China’s robust domestic growth has its dark spots, such as the real estate market. The difference is that the Chinese banks going into the crisis had twice the reserves of our banks, and people in China, even when they are speculating, tended to pay cash when they bought property. In terms of their developers, they face losing their equity, but the banks are not in the double-whammy position of having to cover the developers and the mortgages of those who bought the property, as prices decline.

In terms of China’s domestic market, the main structural difference is that China’s largest set of companies, the State Owned Enterprises (SOEs), tend to concentrate on its domestic markets so they are not feeling the same pressures to lay off workers and restrict expansion plans as ours are. In the United States, our large multinational companies, which were inextricably linked to the global markets for their production and sales, have suffered, resulting in massive layoffs and economic displacement. In the United States, the larger companies have traditionally controlled markets through economies of scale, marketing and sometimes political clout. The dependence on foreign sources for manufacturing kept many industries insulated from capital equipment risk for some parts of their operations, but their sheer size and inflexibility have made them vulnerable to rapid shifts in economic demand.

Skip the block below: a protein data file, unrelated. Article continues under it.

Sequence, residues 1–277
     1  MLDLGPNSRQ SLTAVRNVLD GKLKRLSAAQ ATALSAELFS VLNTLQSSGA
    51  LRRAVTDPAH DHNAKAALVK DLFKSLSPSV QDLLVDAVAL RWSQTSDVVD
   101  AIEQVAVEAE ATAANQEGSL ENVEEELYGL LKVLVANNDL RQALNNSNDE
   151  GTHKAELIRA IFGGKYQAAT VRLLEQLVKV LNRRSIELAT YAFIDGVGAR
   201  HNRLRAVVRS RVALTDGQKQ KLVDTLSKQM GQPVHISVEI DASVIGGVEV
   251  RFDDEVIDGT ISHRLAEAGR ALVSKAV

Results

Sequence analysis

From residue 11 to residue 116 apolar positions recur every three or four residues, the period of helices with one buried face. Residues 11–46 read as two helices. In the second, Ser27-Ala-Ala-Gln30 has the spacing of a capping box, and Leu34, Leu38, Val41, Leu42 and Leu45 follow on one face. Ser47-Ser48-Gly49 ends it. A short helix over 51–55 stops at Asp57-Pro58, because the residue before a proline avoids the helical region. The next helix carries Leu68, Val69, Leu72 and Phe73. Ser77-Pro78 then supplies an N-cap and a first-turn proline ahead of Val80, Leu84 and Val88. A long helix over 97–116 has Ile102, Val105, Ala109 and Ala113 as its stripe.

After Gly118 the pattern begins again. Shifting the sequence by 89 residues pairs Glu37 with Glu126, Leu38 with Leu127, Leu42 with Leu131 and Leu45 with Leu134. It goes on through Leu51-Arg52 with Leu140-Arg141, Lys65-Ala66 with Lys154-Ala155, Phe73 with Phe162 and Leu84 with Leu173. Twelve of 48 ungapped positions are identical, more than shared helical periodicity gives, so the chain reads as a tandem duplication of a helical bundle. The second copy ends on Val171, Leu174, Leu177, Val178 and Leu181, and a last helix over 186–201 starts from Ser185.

In terms of small and medium enterprises (SMEs), U.S. SMEs are actually doing better than their larger businesses counterparts, they tend to be more balanced and/or in niche markets and many of them are looking to use the downturn to expand. The major exceptions were those businesses that were captive suppliers to large industry groups such as the automotive brands.

China’s SMEs are diverse and tend to run on cash rather than credit, so while they have suffered setbacks they are not in the same position as many U.S. companies, which assume that business ventures will use borrowing to leverage their returns as part of their business plans. Chinese OEMs, which depended on the international markets, have suffered.

Stimulus impact

The other area to watch is China’s recent $600 billion stimulus package. It is aimed at boosting domestic demand during the global financial turmoil, but it will also create opportunities for the fleet of foot. It is a 10-point massive spending program emphasizing innovation and structural adjustment. In part, it translates into buying and developing better technology, and it will allow Chinese companies to deduct the cost of VAT on equipment purchases which they could not do before.

On the U.S. side, the only bright spot I could find was a recent report on small business confidence by the Small Business Research Board (SBRB), which indicated that they were significantly more bullish than they were back in the fourth quarter of last year.

So, to answer the question; China is very much alive. The financial crisis is affecting it, but not the way it is affecting us. It is clear that China as a market rather than just a source is the major trend which we need to pay attention to and that what we see when in Shanghai, Guangzhou and Beijing is only part of an economic story which is rapidly spreading to the rest of China.